After the initial zombie experience at Nippon Connection, I ended up revisiting Helldriver on home video in its full uncut glory not once, but twice. And, strangely, was left up with different feelings both times.
Bargain Apocalypse: A CG-Hampered Zombie Epic
Sayonara Japan! A zombie epidemic breaks out. Japan is divided in two, with the North populated by the living dead, and the south turning into slums due to overpopulation. To solve the crisis one girl with chainsaw sword and artificial heart is sent to end it all. Japan’s most celebrated gore maestro Yoshihiro Nishimura’s messy but ambitious zombie epic wipes its ass with its mini budget.
While incredibly bloody, Helldriver also stumbles with frequent and disappointing use of CG in explosions, backgrounds, vehicles, sometimes even gore. Strong horror and genuinely grueling scenes are missing in favor of goofier approach, even with some badly fitting classical pieces on the soundtrack as additional comic relief. Nevertheless, most of the gore is made with practical effects, the soundtrack kicks ass, and the ride never ceases to entertain.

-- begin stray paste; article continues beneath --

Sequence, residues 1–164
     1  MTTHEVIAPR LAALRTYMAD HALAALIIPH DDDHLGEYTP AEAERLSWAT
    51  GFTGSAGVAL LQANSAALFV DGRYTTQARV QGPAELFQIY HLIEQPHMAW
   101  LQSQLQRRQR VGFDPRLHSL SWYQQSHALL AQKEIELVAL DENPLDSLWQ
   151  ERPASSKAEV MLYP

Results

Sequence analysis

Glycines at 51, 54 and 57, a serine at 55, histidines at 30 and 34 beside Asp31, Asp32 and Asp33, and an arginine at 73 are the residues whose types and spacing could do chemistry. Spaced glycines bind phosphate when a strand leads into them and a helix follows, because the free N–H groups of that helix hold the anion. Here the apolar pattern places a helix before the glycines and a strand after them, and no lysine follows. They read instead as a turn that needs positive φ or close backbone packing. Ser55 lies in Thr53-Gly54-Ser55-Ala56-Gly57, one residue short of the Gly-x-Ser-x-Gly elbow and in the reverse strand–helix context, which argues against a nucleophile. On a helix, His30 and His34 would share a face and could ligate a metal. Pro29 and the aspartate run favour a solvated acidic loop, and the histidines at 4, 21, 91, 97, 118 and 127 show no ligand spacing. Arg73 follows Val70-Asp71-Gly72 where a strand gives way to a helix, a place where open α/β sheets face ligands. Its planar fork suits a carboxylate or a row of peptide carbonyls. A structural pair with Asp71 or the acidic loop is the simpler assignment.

Welcome to Zombie World: Yoshihiro Nishimura’s Helldriver
Nishimura’s goofy zombie splatter is an epic to be enjoyed in the right state of mind. Z-Grade CG and the lack of true horror must be overlooked. But, overcoming these flaws Helldriver can be a hell of a ride indeed. The practical special gore effects are charming, Nishimura’s make up artistry often insanely imaginative, and Koh Nakagawa’s score bad-ass beyond belief. In addition, despite being a thoroughly ugly film there are bits and pieces of strange, gory beauty.
Even in all its messiness Nishimura’s vision of a zombie world is a fascinating one. Human rights become a political game, cities turn slums, and the no-go area a wild west where semi-intelligent zombie leaders command the dead troops and enslave the living. CG is mostly used for elements that strike the mental insanity meter through the roof and leave the viewer breathless: the climax must be seen to be believed. Plus, you gotta love a film that slaps its blood soaked title card only after 48 minutes of non-stop action. Flawed and over-packed Helldriver may be, it’s still a truckload of gory fun to serve multiple viewings.